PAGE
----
Wesfarmers share price up 8% in 2023 but underperforming retail index

Wesfarmers is removing several senior management roles at Bunnings to cut costs.

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Key points

  • The Wesfarmers share price opened 0.2% higher on Tuesday
  • The conglomerate is up 8.4% in 2023 so far but is underperforming the S&P/ASX 200 Consumer Discretionary Index
  • Wesfarmers is cutting senior manager roles at Bunnings and last week announced it is combining its Target and Kmart business segments 

The Wesfarmers Ltd (ASX: WES) share price opened at $49.75 today, up 0.2%.

Wesfarmers shares moved sideways during July, up 0.63% to $49.65 apiece at the close of yesterday's session.

The Wesfarmers share price is up 8.4% in 2023 so far, as seen in the chart below.

This is despite the threat of high inflation and interest rates, which are expected to eventually lead to a meaningful reduction in customer spending across the economy.

Wesfarmers share price up in 2023 but lags the retail index

Wesfarmers is a $52 billion conglomerate and the largest retail share in the S&P/ASX 200 Consumer Discretionary Index (ASX: XDJ).

The index is up 11.6% in 2023, with the impact of higher interest rates yet to fully play out in retail due to the lag effect. This means the Wesfarmers share price is actually underperforming the index.

The company's iconic retail brands include its flagship retail business, Bunnings — which contributes about 60% of total earnings — along with Kmart, Target, Officeworks, Priceline, and catch.com.au.

We'll find out this month how Wesfarmers is faring in today's inflationary economy with the company due to release its full-year FY23 results on 25 August.

Earnings season officially begins today.

What's the latest news from Wesfarmers?

According to The Australian, Wesfarmers is stripping out eight regional manager jobs at Bunnings to cut costs.

After years of investment in technology and productivity programs, Bunnings thinks this level of management is now unnecessary.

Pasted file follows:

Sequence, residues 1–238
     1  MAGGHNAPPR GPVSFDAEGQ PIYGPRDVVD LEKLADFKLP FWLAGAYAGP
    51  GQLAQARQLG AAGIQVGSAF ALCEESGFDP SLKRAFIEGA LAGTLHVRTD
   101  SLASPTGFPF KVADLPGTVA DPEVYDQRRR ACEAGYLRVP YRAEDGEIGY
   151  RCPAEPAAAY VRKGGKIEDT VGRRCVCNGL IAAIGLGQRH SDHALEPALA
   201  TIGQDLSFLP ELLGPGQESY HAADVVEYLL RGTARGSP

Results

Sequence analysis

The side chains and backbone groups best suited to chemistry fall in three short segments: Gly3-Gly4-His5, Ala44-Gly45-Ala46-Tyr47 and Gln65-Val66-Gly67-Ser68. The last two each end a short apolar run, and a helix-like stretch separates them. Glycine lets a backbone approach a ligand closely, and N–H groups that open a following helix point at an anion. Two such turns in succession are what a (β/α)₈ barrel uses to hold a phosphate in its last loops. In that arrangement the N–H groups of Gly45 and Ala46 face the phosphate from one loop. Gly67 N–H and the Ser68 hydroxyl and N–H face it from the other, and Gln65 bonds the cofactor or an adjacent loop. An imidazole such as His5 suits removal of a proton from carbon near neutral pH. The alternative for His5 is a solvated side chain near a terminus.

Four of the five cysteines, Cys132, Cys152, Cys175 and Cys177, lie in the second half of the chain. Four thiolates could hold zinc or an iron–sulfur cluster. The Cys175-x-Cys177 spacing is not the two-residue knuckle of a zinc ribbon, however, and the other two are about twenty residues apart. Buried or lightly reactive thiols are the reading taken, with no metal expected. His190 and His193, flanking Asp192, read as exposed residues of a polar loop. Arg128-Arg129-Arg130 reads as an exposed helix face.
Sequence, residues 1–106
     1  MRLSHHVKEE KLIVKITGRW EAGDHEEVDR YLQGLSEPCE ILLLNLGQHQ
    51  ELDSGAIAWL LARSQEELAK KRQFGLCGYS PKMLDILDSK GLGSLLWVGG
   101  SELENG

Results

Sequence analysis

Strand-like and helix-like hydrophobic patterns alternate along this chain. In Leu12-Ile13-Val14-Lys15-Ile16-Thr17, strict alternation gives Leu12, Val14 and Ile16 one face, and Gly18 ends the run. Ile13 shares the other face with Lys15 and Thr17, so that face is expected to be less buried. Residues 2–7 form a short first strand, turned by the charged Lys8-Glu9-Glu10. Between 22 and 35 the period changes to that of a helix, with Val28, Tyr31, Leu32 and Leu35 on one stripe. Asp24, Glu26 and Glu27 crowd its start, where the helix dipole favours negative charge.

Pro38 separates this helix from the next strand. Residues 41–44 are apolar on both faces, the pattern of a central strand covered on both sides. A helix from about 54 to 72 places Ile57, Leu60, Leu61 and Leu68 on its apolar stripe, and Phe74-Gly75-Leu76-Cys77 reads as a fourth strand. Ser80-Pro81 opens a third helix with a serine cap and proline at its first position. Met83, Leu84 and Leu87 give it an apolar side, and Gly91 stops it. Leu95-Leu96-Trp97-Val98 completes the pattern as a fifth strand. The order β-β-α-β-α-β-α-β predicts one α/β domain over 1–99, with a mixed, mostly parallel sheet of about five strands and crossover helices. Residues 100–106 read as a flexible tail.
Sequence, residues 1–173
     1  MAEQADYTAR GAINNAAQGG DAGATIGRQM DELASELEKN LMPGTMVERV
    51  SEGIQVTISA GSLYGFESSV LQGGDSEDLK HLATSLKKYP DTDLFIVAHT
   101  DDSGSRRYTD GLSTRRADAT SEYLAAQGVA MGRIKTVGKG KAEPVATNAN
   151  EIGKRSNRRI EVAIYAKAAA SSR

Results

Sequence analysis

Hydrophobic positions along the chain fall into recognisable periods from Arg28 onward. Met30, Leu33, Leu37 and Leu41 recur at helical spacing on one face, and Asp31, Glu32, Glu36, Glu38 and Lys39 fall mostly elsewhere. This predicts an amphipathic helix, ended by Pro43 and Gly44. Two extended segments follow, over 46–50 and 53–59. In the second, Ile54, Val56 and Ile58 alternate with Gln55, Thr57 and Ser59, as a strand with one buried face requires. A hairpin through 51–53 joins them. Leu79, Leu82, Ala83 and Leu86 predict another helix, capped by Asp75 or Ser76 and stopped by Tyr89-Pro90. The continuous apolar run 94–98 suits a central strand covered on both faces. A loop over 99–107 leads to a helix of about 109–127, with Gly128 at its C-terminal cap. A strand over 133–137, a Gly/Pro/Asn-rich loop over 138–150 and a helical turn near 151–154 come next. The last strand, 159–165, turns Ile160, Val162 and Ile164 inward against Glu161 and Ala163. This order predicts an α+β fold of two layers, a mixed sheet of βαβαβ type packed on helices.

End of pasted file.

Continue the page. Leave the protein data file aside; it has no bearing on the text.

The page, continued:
Bunnings managing director Mike Schneider said:

This supports our low-cost operator model, ensures a stronger voice for our team, simplifies communication and enhances execution across our network.

Post pandemic, this design will help enable deeper engagement with our store teams and in turn a more consistent customer offer.

The managers affected have been offered other positions within the company.

This follows news last week that Wesfarmers is combining its Target and Kmart business segments, also to increase efficiency and productivity.

Wesfarmers will keep the two brands but inject Kmart merchandise planning tools and inventory scanning technologies into Target.

The move will entail a small number of redundancies but create more jobs in the long term, according to management.

What's going on with retail sales?

Figures released by the Australian Bureau of Statistics (ABS) last week revealed retail turnover fell 0.8% in June. This followed an 0.8% increase in May and an 0.1% fall in April.

ABS head of retail statistics Ben Dorber said:

Retail turnover fell sharply in June due to weaker than usual spending on end of financial year sales. This comes as cost-of-living pressures continued to weigh on consumer spending.

Motley Fool contributor Bronwyn Allen has no position in any of the stocks mentioned. The Motley Fool Australia's parent company Motley Fool Holdings Inc. has positions in and has recommended Wesfarmers. The Motley Fool Australia has positions in and has recommended Wesfarmers. The Motley Fool has a disclosure policy. This article contains general investment advice only (under AFSL 400691). Authorised by Scott Phillips.

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